Once you’ve picked a domain, you’ll need to take the following steps:
- Buy the domain at either namecheap.com or domains.google.com (cost: $10-$20 per month)
- Set up a gSuite account to receive emails at this domain ($6 per month)
Depending on your level of tech savvy, the above can take 20 minutes to a few hours. And you’ll now have the components to pick your email provider and the options available will multiply.
My personal recommendation is another No-code tool called MailerLite. Mailerlite has some key features that will enable connectivity to your website and enable you to scale your newsletter, including:
- Templates (to customize your email)
- Landing pages (to collect new email addresses)
- Tagging and segmentation (to classify your subscribers)
- Automation (to create automated emails)
- Detailed reporting (click maps, surveys)
And most importantly, it integrates with other providers for blogging WordPress), e-commerce (Shopify), automations (Zapier), payments (Stripe) and much much more. At this point in your journey, you may not even recognize these names, but they are key components in the No-Code ecosystem.
Mailerlite has a free tier and you can access its premium features for $10 a month. Other alternatives with similar services include Mailchimp, SendGrid and Email Octopus.
Option 3: I want to specifically target groups of subscribers (ConvertKit)
I grew my mailing list from 36 subscribers to 17,000 over 5 years on Mailchimp. My needs were simple since all I was doing was a weekly blast and collecting addresses via a small number of landing pages.
But a subset of my audience had a request for me: they wanted to hear from me more frequently. But I didn’t know which subscribers those were. Leveling-up your email newsletter involves understanding how to segment your audience. You can segment them based on their behavior (i.e. which links they click), how they found you, and other rules. Personally, ConvertKit (affiliate link) has been a godsend and while these strategies are beyond the scope of this post, they’re summarized below:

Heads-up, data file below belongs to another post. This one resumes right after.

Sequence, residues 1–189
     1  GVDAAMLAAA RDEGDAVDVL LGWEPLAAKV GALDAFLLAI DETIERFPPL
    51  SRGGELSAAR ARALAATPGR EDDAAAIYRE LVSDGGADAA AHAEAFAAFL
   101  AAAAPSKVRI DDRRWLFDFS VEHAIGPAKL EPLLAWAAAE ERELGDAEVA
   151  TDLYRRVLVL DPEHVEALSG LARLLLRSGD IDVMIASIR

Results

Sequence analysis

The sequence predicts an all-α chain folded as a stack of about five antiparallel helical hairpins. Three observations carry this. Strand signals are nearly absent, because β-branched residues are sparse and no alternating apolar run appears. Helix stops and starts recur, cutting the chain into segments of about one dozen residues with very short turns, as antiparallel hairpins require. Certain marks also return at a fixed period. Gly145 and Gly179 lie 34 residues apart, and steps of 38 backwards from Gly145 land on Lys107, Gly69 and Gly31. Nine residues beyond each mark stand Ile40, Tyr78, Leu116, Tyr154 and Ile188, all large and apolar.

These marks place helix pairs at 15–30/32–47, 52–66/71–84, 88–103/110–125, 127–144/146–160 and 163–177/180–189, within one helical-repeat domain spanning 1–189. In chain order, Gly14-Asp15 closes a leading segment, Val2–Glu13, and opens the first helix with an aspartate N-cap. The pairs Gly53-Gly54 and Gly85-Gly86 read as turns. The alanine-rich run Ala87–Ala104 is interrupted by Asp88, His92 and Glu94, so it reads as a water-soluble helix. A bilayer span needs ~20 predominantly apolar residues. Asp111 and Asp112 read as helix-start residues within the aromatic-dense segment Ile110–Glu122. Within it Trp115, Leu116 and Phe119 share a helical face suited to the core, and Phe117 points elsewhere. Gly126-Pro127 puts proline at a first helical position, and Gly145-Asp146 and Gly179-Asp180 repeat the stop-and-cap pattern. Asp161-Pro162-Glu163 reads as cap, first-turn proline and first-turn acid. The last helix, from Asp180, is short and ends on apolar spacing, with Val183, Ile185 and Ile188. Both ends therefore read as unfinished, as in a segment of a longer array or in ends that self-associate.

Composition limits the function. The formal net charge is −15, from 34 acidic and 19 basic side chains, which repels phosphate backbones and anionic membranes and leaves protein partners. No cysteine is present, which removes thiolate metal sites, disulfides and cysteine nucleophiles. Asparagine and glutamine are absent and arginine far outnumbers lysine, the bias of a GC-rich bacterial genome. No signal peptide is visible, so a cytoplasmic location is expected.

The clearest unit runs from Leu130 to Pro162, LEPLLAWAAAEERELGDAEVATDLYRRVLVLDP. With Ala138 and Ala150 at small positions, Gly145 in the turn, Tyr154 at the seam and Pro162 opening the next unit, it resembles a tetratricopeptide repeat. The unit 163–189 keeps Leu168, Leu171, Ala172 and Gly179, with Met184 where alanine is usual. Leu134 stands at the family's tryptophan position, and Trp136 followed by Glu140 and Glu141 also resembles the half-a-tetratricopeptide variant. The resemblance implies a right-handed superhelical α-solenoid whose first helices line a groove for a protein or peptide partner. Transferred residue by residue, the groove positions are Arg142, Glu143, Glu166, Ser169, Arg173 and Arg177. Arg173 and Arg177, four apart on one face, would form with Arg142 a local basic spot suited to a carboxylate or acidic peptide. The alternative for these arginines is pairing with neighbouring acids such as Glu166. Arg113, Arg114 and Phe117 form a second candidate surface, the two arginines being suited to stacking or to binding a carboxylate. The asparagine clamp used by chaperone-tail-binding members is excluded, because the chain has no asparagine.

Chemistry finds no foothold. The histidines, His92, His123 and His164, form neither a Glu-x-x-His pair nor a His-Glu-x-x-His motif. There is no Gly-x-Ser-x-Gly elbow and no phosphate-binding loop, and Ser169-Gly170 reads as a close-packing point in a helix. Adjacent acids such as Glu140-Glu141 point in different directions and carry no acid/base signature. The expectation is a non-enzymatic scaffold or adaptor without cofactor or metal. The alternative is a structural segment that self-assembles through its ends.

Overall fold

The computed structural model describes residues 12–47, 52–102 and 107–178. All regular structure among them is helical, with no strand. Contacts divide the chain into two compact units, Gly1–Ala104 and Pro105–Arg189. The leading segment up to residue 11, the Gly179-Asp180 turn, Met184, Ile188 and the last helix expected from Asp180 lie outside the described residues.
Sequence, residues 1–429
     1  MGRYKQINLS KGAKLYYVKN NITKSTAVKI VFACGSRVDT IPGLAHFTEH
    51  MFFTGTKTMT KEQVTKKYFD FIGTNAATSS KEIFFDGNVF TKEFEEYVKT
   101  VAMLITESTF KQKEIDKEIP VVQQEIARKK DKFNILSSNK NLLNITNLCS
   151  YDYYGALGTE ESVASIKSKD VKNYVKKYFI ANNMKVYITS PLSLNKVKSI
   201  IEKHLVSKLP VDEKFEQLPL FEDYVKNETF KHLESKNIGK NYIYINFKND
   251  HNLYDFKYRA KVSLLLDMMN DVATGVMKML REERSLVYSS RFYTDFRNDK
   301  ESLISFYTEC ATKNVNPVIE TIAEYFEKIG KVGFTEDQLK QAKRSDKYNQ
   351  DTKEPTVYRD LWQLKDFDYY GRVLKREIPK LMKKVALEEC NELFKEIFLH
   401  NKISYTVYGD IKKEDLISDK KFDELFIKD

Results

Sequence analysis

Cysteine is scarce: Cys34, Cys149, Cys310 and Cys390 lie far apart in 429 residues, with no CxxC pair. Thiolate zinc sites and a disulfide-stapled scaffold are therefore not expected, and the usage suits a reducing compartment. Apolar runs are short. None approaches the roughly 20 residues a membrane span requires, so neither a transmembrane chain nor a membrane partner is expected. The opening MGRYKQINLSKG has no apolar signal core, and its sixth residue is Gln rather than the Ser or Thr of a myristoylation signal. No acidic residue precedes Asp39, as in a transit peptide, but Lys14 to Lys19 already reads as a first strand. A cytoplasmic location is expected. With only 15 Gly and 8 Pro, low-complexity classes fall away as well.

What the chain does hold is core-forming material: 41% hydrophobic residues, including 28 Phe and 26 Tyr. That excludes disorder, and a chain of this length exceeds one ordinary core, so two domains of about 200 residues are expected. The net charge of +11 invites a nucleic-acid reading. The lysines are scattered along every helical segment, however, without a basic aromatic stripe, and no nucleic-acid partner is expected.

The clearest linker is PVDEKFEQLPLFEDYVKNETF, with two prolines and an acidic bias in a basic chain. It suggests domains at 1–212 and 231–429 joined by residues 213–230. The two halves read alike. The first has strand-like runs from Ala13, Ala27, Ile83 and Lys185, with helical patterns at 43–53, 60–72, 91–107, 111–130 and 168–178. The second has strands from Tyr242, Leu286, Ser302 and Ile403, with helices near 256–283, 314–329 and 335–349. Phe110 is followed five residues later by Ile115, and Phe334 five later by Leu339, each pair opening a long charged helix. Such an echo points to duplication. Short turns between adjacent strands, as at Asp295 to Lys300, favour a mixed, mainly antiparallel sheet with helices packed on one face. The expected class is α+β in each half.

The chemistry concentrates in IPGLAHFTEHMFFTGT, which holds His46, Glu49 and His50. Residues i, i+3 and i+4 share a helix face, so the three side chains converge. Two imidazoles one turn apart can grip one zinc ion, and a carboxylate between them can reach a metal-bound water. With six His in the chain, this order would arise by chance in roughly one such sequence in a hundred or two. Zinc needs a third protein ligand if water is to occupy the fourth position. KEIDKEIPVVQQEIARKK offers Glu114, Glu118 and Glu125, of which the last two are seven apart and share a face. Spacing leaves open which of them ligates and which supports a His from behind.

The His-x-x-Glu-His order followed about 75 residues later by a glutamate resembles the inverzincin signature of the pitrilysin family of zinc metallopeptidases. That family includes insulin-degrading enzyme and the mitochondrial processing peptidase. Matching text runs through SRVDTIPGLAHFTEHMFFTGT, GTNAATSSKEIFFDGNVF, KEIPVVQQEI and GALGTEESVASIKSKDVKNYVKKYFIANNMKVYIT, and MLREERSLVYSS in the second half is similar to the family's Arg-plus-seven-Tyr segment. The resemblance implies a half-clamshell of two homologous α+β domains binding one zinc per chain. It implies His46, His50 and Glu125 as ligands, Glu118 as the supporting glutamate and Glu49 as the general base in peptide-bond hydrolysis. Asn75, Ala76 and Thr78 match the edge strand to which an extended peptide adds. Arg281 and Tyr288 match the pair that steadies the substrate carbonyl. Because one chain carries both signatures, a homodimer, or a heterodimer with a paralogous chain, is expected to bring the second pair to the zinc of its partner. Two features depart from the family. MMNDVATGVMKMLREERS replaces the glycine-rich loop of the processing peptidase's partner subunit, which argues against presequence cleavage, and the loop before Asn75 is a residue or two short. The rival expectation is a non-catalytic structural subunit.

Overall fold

Alternatives to ConvertKit with powerful automations and segmenting include ActiveCampaign, Aweber and Sendfox.
No-code tools to make it all look good
Having selected our email provider, a good chunk of the heavy lifting is done. But how can we use no-code tools to improve design and the experience of our subscribers?
Graphic design tools
Get a logo
All the email providers will give let you customize your newsletter with a logo. And even if you don’t have a creative bone in your body, there are tools easily make your newsletter more beautiful:
- The Noun Project or Flaticon enable you to purchase simple iconography for a couple of dollars.
- Looka will survey your personal design preferences and automatically generate a logo for a small one-time fee.
- Canva is a “lightweight” Photoshop with templates to create both banners and logos for your newsletter (with a free tier)
- Unsplash contains thousands of free stock photography (and I’m biased towards their one-color collections)
Personally, I’m old-school and put these various visual assets together in Keynote and then save them using a screenshot!
Web design tools
Which brings us back to the Cozy Cats website.
If you’re not using Substack, you’ll want (though it’s technically not required) a website to describe your newsletter. I couldn’t be more excited to recommend the incredible website builder carrd.co (affiliate link). To connect your domain, you’ll need Carrd’s $19/year (yes year, not month) pro plan and then you’re off to the races. Carrd lets you integrate with email providers (MailerLite, Mailchimp, Convertkit), Google Analytics, and just about any other payment and commerce service. I’ve launched countless projects on carrd.co and it’s one of the most powerful No-code tools out there. If you want an even richer feature set, consider the sitebuilder Webflow.
Yes, a newsletter can transform your life. You can get started in 5 minutes at no cost using Substack. And if you opt for the more customized route, you’re still looking at a setup time of under 4 hours and < $100 a year. And there’s a surfeit of cheap accessible tools to make your newsletter stand out. Because yes, you my friend are special. Which makes your newsletter special too.